Brick – M. Tasia

The house looked much the same as Brick remembered from childhood, except for the years of rot, infestation, overgrowth, and dirt. They were new unwelcome additions. The large wraparound porch looked ready to crumble if someone dared to step on the boards. Large broken and cracked singlepane windows had long lost their seals and any energy efficiency they might’ve had. The shutters were hanging by sheer will, at least the ones still attached to the faded and battered exterior. Brick got out of his truck and stood in the long lane as he tried to wrap his head around the truth: he was the lake house’s new owner. His Great Aunt Sophia had passed away two years ago while he was overseas during a tour of duty. She’d left him this place for some unknown reason, and today marked the day he moved in. He heard animals scurrying underneath the steps as he carefully navigated his way onto the porch, literally tiptoeing to the large ornately carved door. That would be one thing that’d definitely stay once it’d been restored. He’d enjoyed the time he’d spent at The Gates and had garnered a lot of information from the guys restoring the condo conversion above a swank restaurant in DTLA. Max Connor whose construction company was working the building reno had been a wealth of information and had said he’d come down to Texas and take a look at the lake house if Brick needed any help. Stand-up guys over there in California. The boards creaked underneath his boots as he pulled out the key and unlocked the back door. The stale air assaulted him, the stench of years of dust layered over everything: a musty reminder the house had been neglected for far too long.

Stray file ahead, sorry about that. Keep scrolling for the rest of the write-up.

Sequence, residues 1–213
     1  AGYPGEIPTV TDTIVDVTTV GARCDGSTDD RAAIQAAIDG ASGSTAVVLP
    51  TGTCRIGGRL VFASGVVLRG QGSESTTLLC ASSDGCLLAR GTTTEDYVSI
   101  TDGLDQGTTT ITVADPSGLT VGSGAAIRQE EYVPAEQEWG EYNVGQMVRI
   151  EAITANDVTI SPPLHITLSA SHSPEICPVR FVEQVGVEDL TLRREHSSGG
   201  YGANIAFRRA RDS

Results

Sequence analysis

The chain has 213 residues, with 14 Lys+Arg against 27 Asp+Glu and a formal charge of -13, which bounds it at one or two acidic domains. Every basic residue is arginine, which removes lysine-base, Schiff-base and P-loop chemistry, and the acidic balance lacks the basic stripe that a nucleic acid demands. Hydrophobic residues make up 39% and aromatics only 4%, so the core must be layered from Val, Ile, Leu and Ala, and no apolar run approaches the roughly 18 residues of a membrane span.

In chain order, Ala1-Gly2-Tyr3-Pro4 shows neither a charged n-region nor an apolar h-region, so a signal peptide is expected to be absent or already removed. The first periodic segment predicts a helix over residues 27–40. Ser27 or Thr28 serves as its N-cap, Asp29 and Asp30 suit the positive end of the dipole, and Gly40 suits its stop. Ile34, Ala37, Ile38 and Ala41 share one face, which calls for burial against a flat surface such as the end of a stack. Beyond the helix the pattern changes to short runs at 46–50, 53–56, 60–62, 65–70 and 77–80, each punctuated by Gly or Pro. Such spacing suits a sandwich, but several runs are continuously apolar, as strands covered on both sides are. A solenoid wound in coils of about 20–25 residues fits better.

Sheets covered most of the items in the living room and dining room, but the kitchen looked the same as when his aunt had been alive. There was an empty mug sitting beside the old six-cup coffee machine. Newspapers from over two years ago were piled on the counter, and a single chair was pulled back from the kitchen table as if waiting for his great aunt’s return. Even her sparkly cane stood leaning against the wall. It’d crushed him when he couldn’t make it back for her funeral. At the time, he was deep behind enemy lines on a mission. She had been so proud when he’d become a Navy Seal, though she didn’t like the danger he was sure to encounter on his missions. He well remembered her cheering him on when he walked up to the podium to have his gold trident pinned to his uniform. He went downstairs first and wandered the rooms in the basement, before returning to the ground, and then went up to the second floor as he tried to develop a plan. What was he going to do with all this room and ten acres of forested waterfront land? He stopped in the front room with its wall of windows facing Fire Lake. The view was stunning, with large red cedars and oaks framing the calm waters. The sound of water lapping at the shoreline was a melody he’d fallen asleep to more times than he could count. Brick had spent a lot time in and on the lake, and had caught bass his great aunt had fried it up to perfection. She’d always made a big deal every time he returned with a catch or two. She’d prepare them a special way, which she never shared, and set out the good china even though it was usually only the two of them.